Apple was warned of problems with the iPhone 4’s antenna over a year before the device went on sale, an insider at the firm says.
The source claims a senior engineer told Apple’s top brass that the antenna design could compromise signal strength while the iPhone 4 was still on the drawing board in 2009, and that one of the firm’s carrier partners also expressed concerns shortly before the device launched on June 24, the Washington Post reports.
The iPhone 4 features an innovative antenna design, whereby the separate receivers used to pick-up multiple frequencies are incorporated into steel bands running round the outside edge of the device.
However, the receivers are separated by small gaps that the insider said can be bridged by the user’s finger, resulting in interference, the Post said.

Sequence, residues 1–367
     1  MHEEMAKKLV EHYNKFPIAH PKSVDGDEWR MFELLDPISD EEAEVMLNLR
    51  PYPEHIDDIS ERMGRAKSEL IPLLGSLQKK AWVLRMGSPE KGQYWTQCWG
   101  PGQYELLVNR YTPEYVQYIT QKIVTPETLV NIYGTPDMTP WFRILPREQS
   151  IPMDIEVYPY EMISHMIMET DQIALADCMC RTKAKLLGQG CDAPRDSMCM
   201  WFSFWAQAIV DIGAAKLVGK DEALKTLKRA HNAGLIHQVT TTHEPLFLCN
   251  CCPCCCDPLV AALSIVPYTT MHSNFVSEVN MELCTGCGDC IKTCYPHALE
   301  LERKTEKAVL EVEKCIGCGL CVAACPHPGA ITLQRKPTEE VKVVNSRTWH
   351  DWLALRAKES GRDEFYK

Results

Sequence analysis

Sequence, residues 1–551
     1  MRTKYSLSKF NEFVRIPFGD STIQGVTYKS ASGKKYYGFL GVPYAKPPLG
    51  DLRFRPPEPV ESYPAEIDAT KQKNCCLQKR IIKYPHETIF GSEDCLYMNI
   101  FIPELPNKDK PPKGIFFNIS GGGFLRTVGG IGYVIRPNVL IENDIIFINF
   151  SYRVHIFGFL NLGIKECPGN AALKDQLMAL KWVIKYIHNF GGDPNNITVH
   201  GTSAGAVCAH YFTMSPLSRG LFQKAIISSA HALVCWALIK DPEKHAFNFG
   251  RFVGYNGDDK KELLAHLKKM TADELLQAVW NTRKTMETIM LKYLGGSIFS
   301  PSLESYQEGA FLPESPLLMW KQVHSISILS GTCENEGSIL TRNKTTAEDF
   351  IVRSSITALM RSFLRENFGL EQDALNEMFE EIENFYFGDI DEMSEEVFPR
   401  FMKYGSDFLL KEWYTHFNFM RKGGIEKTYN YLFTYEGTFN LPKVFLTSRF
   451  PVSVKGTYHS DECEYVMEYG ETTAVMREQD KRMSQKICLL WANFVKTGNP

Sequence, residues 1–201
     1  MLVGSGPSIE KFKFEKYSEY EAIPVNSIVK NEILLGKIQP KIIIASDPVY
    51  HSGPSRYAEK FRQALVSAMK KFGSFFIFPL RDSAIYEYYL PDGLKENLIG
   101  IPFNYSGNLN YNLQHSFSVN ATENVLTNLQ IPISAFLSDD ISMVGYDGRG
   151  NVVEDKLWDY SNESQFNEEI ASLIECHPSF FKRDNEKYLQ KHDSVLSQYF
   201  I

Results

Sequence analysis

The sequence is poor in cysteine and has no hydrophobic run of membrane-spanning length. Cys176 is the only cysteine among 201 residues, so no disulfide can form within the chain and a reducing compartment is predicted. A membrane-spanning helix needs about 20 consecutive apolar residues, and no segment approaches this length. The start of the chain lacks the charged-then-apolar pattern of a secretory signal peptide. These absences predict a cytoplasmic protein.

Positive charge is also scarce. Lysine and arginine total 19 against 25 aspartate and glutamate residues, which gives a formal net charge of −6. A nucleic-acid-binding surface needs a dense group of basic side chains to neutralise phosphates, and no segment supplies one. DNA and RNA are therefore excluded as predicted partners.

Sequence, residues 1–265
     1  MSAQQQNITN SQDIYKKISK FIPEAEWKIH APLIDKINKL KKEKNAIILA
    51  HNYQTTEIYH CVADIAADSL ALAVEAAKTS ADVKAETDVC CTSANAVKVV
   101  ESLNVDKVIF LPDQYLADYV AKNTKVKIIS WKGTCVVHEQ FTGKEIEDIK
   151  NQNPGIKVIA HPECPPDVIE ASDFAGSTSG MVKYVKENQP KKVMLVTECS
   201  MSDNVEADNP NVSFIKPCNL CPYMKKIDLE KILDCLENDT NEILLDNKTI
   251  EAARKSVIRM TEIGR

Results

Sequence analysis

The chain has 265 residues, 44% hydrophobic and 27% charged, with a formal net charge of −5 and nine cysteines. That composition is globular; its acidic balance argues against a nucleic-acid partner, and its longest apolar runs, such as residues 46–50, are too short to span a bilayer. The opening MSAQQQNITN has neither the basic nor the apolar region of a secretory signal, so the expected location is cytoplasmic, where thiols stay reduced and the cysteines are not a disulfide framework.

Rodman & Renshaw analyst Ashok Kumar says Apple has already developed a fix that prevents such bridging by beefing up the insulation around the antenna, according to Barrons Blog.
The fix could be revealed in a press conference Apple is due to hold later today (Friday).
Apple has been inundated with complaints and even a brace of lawsuits regarding the signal strength, which appears to drop-off dramatically if users hold the device in the bottom-left corner.
Although Apple insists the problem is caused by faulty software, speculation is rife that the problem lies in the iPhone 4’s hardware and that the firm could be forced to issue a product recall.